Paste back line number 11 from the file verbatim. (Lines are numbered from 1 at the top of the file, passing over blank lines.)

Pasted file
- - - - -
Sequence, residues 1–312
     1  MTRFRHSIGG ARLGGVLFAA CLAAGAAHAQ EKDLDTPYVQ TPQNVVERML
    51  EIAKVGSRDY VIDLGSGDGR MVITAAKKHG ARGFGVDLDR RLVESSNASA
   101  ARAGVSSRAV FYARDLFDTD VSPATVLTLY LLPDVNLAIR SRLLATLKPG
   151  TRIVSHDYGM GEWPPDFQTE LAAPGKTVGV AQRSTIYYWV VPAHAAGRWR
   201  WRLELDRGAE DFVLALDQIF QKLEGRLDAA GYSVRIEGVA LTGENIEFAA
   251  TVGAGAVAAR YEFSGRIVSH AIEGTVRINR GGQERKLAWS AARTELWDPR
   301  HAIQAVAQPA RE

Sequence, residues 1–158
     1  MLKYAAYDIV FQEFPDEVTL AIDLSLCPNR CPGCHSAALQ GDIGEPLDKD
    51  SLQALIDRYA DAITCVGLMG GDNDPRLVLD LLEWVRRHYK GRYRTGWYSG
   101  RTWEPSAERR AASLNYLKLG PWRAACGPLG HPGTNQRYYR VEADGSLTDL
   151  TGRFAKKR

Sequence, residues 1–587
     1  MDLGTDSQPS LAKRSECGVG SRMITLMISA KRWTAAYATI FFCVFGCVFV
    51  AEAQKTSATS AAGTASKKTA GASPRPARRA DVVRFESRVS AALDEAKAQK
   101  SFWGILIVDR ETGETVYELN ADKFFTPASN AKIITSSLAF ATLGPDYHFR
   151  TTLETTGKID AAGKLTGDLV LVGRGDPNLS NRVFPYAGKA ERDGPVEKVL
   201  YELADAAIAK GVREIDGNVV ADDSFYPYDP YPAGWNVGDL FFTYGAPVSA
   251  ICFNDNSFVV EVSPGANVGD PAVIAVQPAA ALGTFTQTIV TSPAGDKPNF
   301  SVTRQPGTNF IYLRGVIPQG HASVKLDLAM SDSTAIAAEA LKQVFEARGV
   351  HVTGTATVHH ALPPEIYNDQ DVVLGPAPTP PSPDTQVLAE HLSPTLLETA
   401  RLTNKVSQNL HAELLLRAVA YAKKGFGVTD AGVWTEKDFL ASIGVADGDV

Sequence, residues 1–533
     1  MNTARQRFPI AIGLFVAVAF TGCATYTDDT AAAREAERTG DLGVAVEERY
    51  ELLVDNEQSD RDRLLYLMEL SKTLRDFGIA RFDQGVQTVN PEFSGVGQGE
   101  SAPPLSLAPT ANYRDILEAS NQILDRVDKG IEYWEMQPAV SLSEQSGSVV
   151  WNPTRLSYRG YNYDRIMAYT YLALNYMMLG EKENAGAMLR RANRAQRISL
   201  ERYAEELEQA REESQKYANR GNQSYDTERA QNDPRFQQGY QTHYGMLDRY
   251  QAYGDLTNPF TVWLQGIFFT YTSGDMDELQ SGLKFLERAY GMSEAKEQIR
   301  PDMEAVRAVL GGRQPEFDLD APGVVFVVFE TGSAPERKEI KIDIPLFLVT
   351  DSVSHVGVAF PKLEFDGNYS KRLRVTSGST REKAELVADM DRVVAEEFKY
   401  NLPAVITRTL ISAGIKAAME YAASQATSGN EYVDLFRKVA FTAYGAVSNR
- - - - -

    51  SLQALIDRYA DAITCVGLMG GDNDPRLVLD LLEWVRRHYK GRYRTGWYSG